With spring finally upon us, many of us will be looking to get outside and enjoy the countryside after a very wet winter.

And the same is true for our pets, who will be ready to soak up the sunshine and warm weather by our side.

But spending more time among nature means a heightened risk of tick bites, which can, in some cases, result in Lyme disease.

Dr Hannah Godfrey, vet at Petsure, warned: “You can recognise a tick by their oval-shaped bodies, and spider-like legs. They’re usually very small, less than one centimetre long, and can vary in colour but are often brown or white.

"Ticks bury their mouthparts deep into the skin of both animals and humans while they feed, then drop off when they’re full. When they’re done feeding, they become a dark grey/brown colour and are much larger in size.

The Bolton News: It’s good practice to do a tick check anytime your dog returns from outdoorsIt’s good practice to do a tick check anytime your dog returns from outdoors (Image: Getty/andriano_cz)

“Ticks are common in woodland and grassland and are most active throughout the spring and summer. Sadly, ticks can carry dangerous bacteria and parasites such as babesiosis, which can pass on to your pets. Babesiosis (the condition caused by the Babesia parasite) causes damage to the red blood cells and can lead to severe anaemia and even organ failure.

“One of the more common diseases transmitted by ticks in the UK is Lyme disease, which can lead to kidney failure in dogs. Early signs of Lyme disease include a lack of appetite, weight loss, and lethargy. Symptoms of Lyme disease can appear weeks or months after being bitten, at which point the disease could have spread throughout the body.

“Some tick bites can even cause paralysis in dogs. Symptoms of this usually appear three to nine days after the tick attaches itself. Paralysis typically starts with a loss of back leg coordination, followed by a change in breathing, vomiting or gagging, and a change or loss of bark.”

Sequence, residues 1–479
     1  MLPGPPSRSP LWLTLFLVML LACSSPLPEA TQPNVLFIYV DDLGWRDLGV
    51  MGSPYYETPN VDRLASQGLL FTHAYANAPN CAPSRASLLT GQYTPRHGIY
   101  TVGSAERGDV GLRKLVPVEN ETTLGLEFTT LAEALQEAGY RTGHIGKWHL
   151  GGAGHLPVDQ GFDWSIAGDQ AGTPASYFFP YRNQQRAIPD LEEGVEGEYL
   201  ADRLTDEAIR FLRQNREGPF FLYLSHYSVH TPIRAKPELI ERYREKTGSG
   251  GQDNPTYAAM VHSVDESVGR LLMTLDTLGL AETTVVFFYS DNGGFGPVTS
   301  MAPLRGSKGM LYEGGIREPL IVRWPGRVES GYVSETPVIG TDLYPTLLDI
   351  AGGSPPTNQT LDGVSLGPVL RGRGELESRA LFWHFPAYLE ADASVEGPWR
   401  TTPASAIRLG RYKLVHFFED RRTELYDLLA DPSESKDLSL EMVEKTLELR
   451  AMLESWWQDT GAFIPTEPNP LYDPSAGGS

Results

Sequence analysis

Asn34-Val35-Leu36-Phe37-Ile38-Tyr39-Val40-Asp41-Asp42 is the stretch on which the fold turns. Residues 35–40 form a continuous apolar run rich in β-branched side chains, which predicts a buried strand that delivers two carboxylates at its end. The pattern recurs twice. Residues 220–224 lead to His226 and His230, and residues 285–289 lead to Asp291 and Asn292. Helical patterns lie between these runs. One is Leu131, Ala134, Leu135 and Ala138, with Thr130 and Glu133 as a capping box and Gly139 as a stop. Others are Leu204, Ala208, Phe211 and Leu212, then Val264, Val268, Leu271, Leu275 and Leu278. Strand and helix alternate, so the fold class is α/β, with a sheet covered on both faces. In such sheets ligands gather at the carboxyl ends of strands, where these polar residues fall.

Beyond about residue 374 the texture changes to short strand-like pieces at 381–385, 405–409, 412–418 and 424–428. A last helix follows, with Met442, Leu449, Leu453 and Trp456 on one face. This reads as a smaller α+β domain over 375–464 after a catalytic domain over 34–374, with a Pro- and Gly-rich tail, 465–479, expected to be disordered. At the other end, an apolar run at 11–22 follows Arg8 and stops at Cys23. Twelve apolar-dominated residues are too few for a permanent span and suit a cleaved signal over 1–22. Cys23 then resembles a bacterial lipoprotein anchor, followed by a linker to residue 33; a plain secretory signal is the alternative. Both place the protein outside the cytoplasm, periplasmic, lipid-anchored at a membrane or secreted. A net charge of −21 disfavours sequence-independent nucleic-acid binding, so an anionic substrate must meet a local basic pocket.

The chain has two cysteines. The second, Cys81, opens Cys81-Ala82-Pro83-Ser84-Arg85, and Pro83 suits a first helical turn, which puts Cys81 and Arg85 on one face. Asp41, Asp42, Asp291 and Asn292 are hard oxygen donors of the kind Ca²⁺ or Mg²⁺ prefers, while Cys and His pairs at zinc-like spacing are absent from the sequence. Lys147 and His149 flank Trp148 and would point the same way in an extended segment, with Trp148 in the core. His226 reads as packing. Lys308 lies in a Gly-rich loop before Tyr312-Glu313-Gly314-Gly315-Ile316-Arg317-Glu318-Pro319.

How to protect your dogs from ticks

Check pets after walks

It’s good practice to do a tick check anytime your dog returns from outdoors. Run your hands over their body, making sure to focus on areas like their head and ears, belly, and armpits. Try to feel for any small bumps on their skin.

Use tick control products

There are plenty of products out there that can help prevent tick bites. Look out for collars, sprays, and spot-on treatments, but be sure to only use products recommended by your vet.

Never use tick control intended for cats on dogs, and vice versa

Tick treatment for dogs include chemicals that can be lethal for cats, and a treatment intended for cats may also be harmful to your dog. Your vet will recommend the right treatment for your specific pet.

Cut back the grass in your garden

While ticks are more common in woodland areas, they can also be found in your garden. Make sure to keep the grass and vegetation in your garden cut short to avoid harbouring ticks.

What are ticks?

Ticks are tiny, spider-like creatures which feed on the blood of animals and humans, and are commonly found in woodland and moorland, particularly in areas with long grass.

They don't jump or fly, but will climb on to you if you brush against something they're on. The tick will then bite and attach to the skin, where they will feed on blood for several days before dropping off.

Ticks are most active between spring and autumn and are widespread across the UK, but the most high-risk areas include grassy and wooded areas in southern England and the Scottish Highlands.